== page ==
Life is much more than the stage for acting majors
Michelle A. Monroe / Arizona Daily Wildcat
Myra Arundel, played by acting senior Michelle Luz, kisses David Bliss, played by acting senior Joe Hubbard, while his wife Judith Bliss, played by acting senior Megan Davis. Hay Fever opens on Oct. 12.
With auditions and re-auditions for the Bachelor of Fine Arts theatre and musical theatre programs coming up, tensions are high for hopeful actors and actresses at the UA.
Ellie Halevi, a sophomore transfer student, is anxiously awaiting her musical theatre audition later this semester. Halevi has lots of experience in acting and musical theatre, but said that the UA audition process is still harrowing.
“I must prepare two contrasting excerpts from musical theater songs, show off vocal range and also show an understanding of the meaning of the song and context of the show. Finally, there is a list of monologues to choose from. The instructions say to prepare another monologue just in case. What this really means is, prepare another monologue, you have no choice,” Halevi said.
After all the blood, sweat and tears dedicated to preparing for the audition, many students still do not see their hard work rewarded. Students who do not do well in the BFA program audition are forced to make the difficult decision between changing their career goals or finding a different school at which to pursue their dreams.
“It sounds odd, but I’ll cross that bridge when I get to it,” Haveli said. “Obviously I’ll need to choose between theatre or a new major, but since that is such a huge decision, I don’t think I can make a good judgment call until I am actually faced with the decision. For now, I am focusing all of my attention on my upcoming audition.”
Sophomore acting major Dillon Olmanson also knows the pressures of the BFA auditions. Olmanson is one of the lucky ones who passed not only his freshman audition but also his re-audition in his second semester. His freshman acting class had 23 students, and he was one of the talented 13 who passed the spring audition.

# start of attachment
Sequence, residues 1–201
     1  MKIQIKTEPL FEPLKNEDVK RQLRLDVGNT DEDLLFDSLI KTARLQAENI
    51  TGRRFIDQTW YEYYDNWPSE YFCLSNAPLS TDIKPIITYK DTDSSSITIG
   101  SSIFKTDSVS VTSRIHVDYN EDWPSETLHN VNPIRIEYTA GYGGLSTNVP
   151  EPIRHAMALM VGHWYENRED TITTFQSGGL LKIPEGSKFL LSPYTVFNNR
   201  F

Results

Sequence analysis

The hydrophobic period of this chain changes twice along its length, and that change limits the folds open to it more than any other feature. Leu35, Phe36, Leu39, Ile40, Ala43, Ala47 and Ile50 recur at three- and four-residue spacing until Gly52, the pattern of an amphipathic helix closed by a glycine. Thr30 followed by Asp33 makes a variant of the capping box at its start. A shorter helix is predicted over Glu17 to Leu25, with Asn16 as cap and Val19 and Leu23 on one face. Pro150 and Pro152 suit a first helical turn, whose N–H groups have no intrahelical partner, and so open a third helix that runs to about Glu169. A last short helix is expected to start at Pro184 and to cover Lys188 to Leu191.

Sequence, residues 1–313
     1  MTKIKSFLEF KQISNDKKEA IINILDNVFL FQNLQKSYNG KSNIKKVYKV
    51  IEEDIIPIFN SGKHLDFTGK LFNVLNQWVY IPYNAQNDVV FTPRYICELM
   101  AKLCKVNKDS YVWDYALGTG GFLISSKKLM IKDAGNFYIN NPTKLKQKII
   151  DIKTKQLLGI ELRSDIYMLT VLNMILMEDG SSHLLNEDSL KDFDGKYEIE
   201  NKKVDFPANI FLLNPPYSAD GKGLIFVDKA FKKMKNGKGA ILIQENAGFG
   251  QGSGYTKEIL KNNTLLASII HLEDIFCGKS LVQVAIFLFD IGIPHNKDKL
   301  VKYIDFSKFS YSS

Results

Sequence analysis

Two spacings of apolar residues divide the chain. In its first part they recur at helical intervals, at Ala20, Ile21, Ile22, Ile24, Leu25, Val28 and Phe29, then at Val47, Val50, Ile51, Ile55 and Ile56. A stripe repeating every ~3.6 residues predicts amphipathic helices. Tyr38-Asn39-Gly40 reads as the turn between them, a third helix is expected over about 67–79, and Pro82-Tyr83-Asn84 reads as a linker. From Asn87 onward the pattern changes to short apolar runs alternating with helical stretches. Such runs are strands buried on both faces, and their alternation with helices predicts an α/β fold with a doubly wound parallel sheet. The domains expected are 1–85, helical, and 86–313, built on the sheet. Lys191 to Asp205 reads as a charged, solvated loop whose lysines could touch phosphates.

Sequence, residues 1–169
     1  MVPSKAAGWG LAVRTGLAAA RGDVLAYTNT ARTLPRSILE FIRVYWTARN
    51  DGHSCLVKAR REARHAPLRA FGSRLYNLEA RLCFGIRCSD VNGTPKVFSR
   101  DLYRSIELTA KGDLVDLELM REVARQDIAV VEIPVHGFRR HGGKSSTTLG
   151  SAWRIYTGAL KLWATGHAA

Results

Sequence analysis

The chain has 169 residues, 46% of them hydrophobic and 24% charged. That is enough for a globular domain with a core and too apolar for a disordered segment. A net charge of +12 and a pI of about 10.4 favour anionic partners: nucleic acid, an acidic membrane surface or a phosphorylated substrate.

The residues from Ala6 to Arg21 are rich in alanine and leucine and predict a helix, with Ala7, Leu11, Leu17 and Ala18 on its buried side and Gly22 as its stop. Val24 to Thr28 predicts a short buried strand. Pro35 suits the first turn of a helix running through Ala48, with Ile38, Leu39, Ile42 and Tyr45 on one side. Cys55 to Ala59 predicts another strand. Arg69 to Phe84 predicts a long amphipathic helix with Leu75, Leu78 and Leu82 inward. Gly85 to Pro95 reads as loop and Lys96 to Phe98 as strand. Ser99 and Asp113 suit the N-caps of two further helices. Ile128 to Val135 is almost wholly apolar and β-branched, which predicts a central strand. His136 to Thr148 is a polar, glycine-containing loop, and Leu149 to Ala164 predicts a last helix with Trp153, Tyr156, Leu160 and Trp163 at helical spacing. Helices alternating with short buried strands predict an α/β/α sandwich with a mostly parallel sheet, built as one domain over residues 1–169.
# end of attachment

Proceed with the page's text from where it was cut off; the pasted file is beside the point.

But his trials aren’t over yet, as he will have to audition one more time if he wants to stay in the program as a sophomore. With this third audition quickly approaching, Olmanson faces the risk of being cut from the program yet again, but he remains confident.
“I do not have an alternate career path chosen. I am very driven with my goals, and I will try to accomplish them regardless of if I have earned my BFA degree or not,” Olmanson said. “If I am not advanced into the junior class then I will obviously have to pursue another degree. Also, if you have not been advanced, then you are not allowed to try again.”Senior musical theatre major Caitlin Stegemoller can also speak to the competitive nature of the BFA Program at the UA.
“A couple hundred people audition each year to get into the BFA, either acting or musical theatre, and there are usually 18-20 people admitted into the freshman class, which means about half will be acting, half musical theatre. There were seven musical theatre women admitted my freshman year. Still freaks me out that I managed to get in.”
These odds would be enough to make even the toughest pre-med student’s stomach turn. In the words of Halevi, “being a theatre major means living with rejection. You will not get cast in everything and training doesn’t guarantee you a job, but it’s really wonderful.”